“It seems pointless to keep designing the same things. No one need ever design another chair; there are enough for the next fifty years, because there are guys around who have solved the problem completely. After a while, you get an optimum solution and I think Le Corbusier had the optimum solution for a chair in the ‘Thirties, so why carry on now doing Design Centre chain?”

The only furniture he didn’t design in their living-room, are the white plastic stacking chairs by Jo Colombo of Italy, which are sold in this country in Habitat, £11 each. The chrome dining chairs are sold at Habitat shops for £18 each. The floor is covered with white lino tiles, which you can buy in packets, and lay yourself.

They are working on their bedroom. A giant Orson Welles film-set bed, placed on fur-covered Busby Berkeley steps, is planned, and the room will be in navy, scarlet and silver. They are painting stars on the, ceiling and having a neon ‘hello’ sign on the wall. Jon’s designs are certainly different, but he’s not entirely devoted to the freaky. As he says, “I did the main branch of the Bank of England in Leeds, and they were the straightest people. You couldn’t get further away from Mr. Freedom if you tried.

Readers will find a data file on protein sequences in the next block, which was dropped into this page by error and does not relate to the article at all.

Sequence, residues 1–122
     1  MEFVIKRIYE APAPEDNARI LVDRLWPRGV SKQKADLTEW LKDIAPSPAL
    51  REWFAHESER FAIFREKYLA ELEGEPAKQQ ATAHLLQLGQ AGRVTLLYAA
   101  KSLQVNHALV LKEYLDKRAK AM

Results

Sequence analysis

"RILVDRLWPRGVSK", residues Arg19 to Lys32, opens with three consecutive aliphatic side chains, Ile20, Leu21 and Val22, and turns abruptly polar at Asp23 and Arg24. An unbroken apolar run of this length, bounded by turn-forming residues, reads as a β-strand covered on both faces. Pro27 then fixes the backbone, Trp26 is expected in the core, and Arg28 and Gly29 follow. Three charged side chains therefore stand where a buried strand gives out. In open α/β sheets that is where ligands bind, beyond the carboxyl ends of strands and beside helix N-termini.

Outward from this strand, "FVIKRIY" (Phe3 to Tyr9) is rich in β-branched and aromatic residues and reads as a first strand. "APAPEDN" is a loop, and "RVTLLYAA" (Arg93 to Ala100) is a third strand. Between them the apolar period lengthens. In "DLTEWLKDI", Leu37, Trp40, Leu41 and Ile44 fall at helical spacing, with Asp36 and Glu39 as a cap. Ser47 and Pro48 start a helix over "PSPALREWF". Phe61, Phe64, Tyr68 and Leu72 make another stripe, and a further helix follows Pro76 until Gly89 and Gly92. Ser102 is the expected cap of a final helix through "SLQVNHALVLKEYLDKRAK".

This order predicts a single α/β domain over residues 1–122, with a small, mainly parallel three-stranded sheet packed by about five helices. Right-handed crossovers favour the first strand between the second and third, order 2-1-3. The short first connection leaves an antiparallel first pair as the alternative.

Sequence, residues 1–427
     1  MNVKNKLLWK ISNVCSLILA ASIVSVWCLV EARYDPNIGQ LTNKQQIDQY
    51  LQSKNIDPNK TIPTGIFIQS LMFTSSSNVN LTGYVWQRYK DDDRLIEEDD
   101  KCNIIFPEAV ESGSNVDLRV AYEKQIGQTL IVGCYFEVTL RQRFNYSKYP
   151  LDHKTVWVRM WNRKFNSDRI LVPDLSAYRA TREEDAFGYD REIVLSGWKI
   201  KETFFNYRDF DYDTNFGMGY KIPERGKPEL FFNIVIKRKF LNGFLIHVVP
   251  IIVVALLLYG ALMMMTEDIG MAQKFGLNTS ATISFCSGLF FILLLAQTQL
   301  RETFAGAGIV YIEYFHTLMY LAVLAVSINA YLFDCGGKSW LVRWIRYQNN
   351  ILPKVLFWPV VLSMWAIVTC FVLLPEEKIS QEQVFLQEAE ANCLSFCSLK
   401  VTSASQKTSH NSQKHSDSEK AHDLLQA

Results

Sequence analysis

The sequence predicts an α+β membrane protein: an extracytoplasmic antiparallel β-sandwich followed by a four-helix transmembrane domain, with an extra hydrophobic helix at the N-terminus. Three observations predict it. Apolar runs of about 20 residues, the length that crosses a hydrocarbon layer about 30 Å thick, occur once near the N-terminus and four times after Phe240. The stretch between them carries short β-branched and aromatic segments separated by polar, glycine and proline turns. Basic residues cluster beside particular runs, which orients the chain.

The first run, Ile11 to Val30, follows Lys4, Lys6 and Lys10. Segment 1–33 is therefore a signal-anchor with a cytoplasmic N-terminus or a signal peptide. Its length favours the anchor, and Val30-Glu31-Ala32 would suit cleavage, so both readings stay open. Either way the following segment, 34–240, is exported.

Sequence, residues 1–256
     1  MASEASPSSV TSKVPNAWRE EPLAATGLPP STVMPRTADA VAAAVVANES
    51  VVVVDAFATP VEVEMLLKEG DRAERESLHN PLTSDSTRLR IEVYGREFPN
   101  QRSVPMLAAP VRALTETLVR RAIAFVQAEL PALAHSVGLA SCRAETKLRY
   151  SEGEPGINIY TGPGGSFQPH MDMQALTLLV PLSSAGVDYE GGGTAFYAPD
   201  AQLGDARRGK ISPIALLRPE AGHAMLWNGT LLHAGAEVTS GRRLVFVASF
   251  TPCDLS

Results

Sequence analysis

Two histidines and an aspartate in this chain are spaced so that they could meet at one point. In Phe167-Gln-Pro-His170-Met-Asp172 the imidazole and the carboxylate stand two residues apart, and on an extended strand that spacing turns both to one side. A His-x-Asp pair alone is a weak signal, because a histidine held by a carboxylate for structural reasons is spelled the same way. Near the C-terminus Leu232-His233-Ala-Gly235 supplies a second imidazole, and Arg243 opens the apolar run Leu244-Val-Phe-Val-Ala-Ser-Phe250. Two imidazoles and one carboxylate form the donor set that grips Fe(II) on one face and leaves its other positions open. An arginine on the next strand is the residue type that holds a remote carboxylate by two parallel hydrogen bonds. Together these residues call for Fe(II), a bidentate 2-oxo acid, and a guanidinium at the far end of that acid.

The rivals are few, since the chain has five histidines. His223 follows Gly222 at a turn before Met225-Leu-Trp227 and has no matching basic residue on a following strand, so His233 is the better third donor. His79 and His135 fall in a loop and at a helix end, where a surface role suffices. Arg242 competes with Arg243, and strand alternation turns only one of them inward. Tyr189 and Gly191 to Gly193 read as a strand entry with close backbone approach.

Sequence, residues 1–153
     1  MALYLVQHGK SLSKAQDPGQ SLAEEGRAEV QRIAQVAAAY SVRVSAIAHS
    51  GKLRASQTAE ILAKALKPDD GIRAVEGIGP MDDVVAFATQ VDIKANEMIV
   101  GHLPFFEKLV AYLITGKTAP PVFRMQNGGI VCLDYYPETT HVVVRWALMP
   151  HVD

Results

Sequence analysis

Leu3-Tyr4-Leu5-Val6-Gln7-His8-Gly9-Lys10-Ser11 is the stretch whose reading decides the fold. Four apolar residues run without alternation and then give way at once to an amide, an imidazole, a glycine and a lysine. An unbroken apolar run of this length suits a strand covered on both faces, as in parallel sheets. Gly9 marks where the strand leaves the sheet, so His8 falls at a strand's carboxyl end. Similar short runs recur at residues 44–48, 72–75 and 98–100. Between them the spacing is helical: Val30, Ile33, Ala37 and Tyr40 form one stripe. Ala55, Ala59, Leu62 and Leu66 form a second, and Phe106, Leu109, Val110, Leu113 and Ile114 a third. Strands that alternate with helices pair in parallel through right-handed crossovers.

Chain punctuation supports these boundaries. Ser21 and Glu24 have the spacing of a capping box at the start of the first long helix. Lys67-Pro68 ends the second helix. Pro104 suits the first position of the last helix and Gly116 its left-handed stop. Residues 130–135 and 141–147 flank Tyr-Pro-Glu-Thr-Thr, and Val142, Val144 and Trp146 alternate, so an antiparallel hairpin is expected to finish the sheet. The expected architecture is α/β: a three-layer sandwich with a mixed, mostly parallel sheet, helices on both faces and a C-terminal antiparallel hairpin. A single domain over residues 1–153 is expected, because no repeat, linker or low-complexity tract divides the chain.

“The acid test would be to do something like a home for the blind, because you couldn’t do anything visual, it would all have to be spot on, and really good. No colour, jokes or imagery. That would really sort out the sheep from the goats. Or if someone living in this road said, ‘Do my bedsitter for £10.’ Now that’s the sort of problem I’d really enjoy working on.”


Inspirational Images: Sheer Geniuses

ossie bailey vogue july 74 a

“What are Vidal Sassoon, Barbara Daly and Ossie Clark doing in Vogue studios? Vidal did the hair, Barbara the make-up, Ossie designed the dress … Lipstick matched to the flowers in Celia Birtwell’s printed chiffon. Ossie Clark twined his own gold chain and lizard over the shoulder and, snap, David Bailey. Dress to order from Ossie Clark.”

Photographed by David Bailey.

Scanned by Miss Peelpants from Vogue, July 1974

ossie bailey vogue july 74 b


Vintage Adverts: Barbarella by Bourdin

barbarella bourdin jourdan april 1975

Charles Jourdan advert for ‘Barbarella’ shoes. Photographed by Guy Bourdin.

Scanned by Miss Peelpants from Vogue, April 1975


Inspirational Images: Untitled by James Wedge

wedge

Photographed and hand-tinted by James Wedge.

Scanned from The Sunday Times Book of Body Maintenance, 1978.

(Original commission/publication unknown),


Vintage Adverts: Play it with warm lips and soft eyes…